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Time for Grassley to step down?

By Staff | Nov 20, 2015

To the editor,

I hesitated about writing this column criticizing the “icon of Iowa politics,” because he has been a hero to conservative Republicans like myself.

But I cannot let his puff article on cellulosic ethanol pass. The damages to our soil and environment by using corn stover for ethanol far outweigh any possible benefits.

The guest column “It’s no trick: Cellulosic ethanol a treat for Iowa economy” by U.S. Sen. Chuck Grassley (in Farm News issue Nov. 13) is, I’m sad to say, a great argument for term limits.

Space will not allow me to refute every point-most have little relationship to reality, but this comment “We’re talking about adding value to organic crop waste,” is beyond belief.

Crop residue is an integral part of nature and is invaluable in maintaining organic matter which is the lifeblood of soil.

It is, Chuck, certainly not waste.

I don’t know why the senator has “sold his soul” to cellulosic ethanol and wind energy. Is it because both are prominent here in Iowa?

Neither one, especially cellulosic, would survive a “New York Minute” without huge government subsidies. And, even if “climate change” was real, (it’s not) more fossil fuel is expended transporting, growing, grinding and fermenting crop residue than can ever be saved producing cellulosic ethanol.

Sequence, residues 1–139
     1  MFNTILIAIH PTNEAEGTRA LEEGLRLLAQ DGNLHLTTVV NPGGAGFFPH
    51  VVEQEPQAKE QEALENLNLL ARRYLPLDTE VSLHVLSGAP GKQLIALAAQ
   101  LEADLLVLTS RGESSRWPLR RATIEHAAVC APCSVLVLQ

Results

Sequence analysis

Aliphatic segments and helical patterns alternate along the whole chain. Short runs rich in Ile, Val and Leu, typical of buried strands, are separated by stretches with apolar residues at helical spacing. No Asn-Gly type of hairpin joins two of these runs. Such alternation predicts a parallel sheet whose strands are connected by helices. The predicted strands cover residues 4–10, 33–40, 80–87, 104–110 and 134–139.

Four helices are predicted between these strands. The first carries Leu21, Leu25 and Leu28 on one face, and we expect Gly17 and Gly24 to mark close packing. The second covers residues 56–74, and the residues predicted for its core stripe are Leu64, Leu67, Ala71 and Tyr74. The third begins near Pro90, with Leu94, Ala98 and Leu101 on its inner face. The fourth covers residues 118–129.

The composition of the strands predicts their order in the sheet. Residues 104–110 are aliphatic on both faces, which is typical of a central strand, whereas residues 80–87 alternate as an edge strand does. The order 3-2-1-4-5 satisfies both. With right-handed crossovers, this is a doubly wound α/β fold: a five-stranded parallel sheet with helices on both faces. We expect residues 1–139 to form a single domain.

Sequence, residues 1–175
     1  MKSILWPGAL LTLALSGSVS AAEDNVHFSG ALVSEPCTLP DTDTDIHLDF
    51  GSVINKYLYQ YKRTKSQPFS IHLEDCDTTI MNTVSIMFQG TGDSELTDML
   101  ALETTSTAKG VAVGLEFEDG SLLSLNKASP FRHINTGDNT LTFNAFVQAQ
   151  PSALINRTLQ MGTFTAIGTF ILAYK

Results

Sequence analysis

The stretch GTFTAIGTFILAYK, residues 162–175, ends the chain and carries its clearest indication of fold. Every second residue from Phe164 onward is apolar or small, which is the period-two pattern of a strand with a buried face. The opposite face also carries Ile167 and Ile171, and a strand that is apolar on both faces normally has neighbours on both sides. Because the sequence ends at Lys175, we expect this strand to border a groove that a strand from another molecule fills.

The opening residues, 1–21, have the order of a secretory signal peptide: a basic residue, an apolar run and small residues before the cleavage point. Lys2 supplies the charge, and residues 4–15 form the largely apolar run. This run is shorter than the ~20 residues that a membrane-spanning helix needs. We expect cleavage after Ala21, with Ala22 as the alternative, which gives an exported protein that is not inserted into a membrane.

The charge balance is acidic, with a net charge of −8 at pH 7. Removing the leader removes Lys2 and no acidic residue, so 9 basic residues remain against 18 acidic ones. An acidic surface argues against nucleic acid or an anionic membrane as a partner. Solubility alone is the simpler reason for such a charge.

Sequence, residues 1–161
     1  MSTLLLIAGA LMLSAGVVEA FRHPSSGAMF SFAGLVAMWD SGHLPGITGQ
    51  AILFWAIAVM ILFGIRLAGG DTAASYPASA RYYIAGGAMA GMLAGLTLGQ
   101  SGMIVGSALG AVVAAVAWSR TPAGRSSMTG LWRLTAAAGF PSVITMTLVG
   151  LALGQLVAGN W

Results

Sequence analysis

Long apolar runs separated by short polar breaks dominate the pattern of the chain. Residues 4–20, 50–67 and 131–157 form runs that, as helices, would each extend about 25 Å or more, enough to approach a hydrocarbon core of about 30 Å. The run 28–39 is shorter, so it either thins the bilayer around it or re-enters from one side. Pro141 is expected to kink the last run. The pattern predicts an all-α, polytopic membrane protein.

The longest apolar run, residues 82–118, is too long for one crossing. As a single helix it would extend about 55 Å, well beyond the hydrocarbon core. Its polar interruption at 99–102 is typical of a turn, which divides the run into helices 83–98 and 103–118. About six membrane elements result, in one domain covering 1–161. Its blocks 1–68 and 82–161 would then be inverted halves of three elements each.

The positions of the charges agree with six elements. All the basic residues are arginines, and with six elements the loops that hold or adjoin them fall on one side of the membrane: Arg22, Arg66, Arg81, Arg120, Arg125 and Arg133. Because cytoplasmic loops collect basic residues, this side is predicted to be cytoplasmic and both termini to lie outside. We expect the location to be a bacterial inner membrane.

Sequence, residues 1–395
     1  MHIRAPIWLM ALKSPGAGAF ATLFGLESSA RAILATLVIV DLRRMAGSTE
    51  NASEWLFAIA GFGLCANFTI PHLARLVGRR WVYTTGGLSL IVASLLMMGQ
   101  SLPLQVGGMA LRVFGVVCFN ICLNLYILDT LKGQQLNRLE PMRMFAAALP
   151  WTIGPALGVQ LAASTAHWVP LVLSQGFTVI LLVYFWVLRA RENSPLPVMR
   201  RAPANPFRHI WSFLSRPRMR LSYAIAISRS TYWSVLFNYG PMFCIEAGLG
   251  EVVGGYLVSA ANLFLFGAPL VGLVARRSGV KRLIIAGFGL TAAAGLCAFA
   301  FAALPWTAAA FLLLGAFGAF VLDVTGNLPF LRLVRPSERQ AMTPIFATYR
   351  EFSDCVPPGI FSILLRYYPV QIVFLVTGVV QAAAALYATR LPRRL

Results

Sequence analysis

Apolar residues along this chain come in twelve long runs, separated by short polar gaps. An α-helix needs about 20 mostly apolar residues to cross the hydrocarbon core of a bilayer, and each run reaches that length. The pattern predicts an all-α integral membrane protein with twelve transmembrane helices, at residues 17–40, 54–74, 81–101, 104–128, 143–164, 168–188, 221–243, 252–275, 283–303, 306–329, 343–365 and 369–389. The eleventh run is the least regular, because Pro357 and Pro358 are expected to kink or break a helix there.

At one time Sen. Grassley was considered a hawk on government spending pushing for a balanced budget amendment.

As a matter of record, he has championed individuals in government jobs who “blew the whistle” on government waste.

That’s why his unabashed support for cellulosic ethanol – a gigantic “boondoggle” of government waste – makes absolutely no sense.

If anyone believes this is a “hit piece” on cellulosic ethanol, I urge you to look at POET in Emmetsburg. They’ve been in operation for a year.

Check out projections to actual production. They’ve learned many lessons including the fact their grinders “don’t do rock.”

Term limits?

Even Sen. Tom Harkin, the complete antithesis to everything Grassley once stood for, saw the handwriting on the wall and retired.

My hope is Sen. Grassley will rethink his decision to seek a seventh term.

Jerry Crew


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